Wednesday, March 9, 2011

Attention Deficit Disorder

How does it hurt?
Hyperactive 8 year olds are what we may think of when we hear ADHD, but this disorder remains a stumbling block for children into their teens and beyond. While hyperactivity often improves in adolescence, 75% of these teens will not improve (in attention or impulse control) to the point that they are equal to their peers, and 60% continue to experience difficulties as adults. Previously, unidentified attention problems surface in the teen years, when the workload multiplies, independence is expected and relationships become more complex. Teens with ADHD lack the organizational and social skills to keep up with their peers, so grades and friendships suffer. Faced with so much negativity and failure, self-esteem often plummets. Left untreated ADHD (and it’s commonly co-morbid conditions of learning disabilities, anxiety, and depression) can pave the way for delinquency, substance abuse and conduct disorder.

What can be done?
The child should undergo a complete medical and psychological evaluation to ensure an accurate diagnosis and proper treatment. If a diagnosis of ADHD is found, much can be done to help.

·         Individualized education programs can help the child keep up academically. An educational environment that provides structure, brevity, and variety is vital to the academic success of a child with ADHD. Simple strategies such as refocusing, proximity, and providing memory aids or cue cards work wonders for children with attention difficulties.

·         Research documents that medication can be helpful to teens with ADHD. Not every ADHD teen needs medication, but it can be effective in increasing attention span, task completion, and impulse control. Hence relationships and grades improve which boosts self-esteem.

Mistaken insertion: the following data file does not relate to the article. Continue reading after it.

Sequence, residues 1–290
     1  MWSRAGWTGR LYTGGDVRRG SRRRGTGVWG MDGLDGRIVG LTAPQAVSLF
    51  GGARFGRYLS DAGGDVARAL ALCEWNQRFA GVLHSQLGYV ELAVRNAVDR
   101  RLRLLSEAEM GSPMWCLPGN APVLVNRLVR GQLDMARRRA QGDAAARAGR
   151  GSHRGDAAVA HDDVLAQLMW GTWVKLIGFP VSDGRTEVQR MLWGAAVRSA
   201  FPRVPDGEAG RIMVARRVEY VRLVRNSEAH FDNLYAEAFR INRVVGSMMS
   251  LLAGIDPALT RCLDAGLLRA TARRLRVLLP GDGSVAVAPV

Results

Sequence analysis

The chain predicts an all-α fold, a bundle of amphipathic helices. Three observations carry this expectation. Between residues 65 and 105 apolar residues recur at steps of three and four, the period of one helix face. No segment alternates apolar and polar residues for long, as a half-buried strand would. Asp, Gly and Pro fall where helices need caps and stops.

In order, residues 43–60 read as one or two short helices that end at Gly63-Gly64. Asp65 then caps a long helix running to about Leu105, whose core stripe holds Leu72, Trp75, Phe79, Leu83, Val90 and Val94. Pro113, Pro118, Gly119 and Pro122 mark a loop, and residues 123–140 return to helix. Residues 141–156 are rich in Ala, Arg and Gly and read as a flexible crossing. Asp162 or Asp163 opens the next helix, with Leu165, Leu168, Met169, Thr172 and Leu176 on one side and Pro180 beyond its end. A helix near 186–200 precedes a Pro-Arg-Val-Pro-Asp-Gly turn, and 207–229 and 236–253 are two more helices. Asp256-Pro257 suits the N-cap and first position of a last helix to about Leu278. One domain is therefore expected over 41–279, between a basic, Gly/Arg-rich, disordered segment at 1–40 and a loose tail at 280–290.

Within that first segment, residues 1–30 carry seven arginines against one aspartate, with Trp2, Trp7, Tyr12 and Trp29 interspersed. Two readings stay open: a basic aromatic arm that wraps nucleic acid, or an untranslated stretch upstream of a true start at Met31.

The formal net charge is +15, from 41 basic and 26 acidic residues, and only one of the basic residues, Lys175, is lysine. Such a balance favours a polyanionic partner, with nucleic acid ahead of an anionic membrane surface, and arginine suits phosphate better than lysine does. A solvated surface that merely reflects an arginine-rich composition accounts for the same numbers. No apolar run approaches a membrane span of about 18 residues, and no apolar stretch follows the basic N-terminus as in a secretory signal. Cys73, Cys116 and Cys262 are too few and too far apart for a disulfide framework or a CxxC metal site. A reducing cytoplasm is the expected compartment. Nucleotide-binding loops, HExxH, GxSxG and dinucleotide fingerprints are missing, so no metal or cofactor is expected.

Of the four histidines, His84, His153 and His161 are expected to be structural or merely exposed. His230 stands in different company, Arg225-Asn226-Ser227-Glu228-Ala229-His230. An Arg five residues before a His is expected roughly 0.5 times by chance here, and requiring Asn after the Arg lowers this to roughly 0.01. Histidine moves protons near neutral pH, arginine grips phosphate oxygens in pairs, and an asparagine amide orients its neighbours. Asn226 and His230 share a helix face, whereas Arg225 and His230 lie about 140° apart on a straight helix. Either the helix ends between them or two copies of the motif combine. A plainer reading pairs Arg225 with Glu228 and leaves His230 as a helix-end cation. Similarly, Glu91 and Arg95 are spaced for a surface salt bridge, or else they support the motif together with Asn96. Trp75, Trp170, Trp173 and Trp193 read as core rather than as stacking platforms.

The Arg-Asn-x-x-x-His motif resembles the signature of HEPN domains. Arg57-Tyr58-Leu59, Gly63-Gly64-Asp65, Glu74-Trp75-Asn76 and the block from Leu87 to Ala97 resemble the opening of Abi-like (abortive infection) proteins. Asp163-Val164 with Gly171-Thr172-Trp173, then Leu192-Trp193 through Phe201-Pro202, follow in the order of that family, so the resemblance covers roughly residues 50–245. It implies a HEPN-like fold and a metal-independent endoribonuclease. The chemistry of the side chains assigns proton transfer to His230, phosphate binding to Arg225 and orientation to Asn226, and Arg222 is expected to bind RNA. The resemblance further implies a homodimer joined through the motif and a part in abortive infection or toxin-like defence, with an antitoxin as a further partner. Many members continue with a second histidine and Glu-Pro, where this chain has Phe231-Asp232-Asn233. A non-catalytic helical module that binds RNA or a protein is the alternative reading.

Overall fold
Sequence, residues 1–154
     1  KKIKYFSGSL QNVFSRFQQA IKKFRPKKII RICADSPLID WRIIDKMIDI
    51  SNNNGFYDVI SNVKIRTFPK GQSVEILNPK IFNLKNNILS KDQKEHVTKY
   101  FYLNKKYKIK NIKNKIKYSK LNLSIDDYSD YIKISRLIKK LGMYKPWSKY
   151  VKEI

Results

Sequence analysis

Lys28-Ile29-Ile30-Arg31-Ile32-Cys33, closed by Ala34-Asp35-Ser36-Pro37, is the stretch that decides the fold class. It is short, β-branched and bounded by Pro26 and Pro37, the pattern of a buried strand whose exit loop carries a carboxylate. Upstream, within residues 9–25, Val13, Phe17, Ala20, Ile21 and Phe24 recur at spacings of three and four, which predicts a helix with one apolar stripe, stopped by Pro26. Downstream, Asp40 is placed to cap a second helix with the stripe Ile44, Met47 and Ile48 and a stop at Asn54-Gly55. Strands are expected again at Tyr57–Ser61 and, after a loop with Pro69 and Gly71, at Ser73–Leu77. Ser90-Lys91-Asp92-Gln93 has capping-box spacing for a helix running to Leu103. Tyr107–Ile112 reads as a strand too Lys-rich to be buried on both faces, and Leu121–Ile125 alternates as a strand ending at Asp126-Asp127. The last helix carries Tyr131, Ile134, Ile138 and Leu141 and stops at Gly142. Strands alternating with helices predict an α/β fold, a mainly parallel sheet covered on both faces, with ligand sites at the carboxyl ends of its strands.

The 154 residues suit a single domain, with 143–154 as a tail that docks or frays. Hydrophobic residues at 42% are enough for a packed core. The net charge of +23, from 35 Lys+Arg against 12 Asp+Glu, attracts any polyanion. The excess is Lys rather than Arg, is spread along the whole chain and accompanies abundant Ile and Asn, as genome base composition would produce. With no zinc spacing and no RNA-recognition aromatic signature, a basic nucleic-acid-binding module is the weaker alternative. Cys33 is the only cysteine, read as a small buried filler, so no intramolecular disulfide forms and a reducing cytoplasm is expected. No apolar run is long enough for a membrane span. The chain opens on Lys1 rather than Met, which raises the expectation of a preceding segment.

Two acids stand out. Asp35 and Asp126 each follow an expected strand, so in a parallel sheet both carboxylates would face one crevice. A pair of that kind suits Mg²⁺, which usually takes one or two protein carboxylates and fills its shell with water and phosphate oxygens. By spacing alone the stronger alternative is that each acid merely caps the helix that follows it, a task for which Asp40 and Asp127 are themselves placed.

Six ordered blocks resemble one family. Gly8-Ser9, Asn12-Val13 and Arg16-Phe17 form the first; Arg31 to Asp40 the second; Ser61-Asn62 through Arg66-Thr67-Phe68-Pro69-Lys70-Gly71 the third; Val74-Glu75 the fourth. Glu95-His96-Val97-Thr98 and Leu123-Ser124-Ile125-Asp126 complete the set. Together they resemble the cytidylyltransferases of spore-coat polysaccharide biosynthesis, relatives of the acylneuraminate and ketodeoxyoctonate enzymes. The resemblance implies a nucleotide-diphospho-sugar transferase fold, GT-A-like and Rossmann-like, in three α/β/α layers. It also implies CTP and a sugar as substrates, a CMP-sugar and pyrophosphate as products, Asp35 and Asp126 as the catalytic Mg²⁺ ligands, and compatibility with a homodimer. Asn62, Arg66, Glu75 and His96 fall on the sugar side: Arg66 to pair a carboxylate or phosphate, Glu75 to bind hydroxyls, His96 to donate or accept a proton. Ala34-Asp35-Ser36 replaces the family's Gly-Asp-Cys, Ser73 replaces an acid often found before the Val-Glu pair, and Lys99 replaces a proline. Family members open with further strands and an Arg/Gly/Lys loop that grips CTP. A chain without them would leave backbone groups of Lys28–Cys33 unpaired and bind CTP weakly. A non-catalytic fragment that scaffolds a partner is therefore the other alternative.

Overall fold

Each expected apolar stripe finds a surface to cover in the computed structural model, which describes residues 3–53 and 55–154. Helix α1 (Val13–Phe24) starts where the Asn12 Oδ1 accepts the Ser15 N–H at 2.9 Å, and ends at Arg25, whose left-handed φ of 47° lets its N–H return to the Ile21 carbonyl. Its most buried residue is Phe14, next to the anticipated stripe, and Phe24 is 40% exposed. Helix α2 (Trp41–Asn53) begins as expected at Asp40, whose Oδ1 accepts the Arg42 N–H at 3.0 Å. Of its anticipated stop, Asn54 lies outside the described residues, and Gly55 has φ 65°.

·         Psychotherapy is often warranted to help a teen cope with the social and emotional ramifications of living with ADHD. Cognitive behavioral therapy helps to identify impulsive/inattentive behaviors and guides him toward alternative behaviors, encouraging improved skills. Social skills training can help an adolescent interpret the nuances of interpersonal relationships that ADHD hinders him from identifying. Family sessions can educate parents and siblings about the biological basis of the problem and help families make appropriate adjustments in the way they interact with the teen.

So often we look at characteristics of ADHD as weaknesses or signs of dysfunction. Yet the children with ADHD have been found to have strengths in creativity, inventiveness and imagination. Once a teen with ADHD has learned to channel his spontaneity, what was once viewed as his “deficit” can become his “it quality” in both his professional and personal life.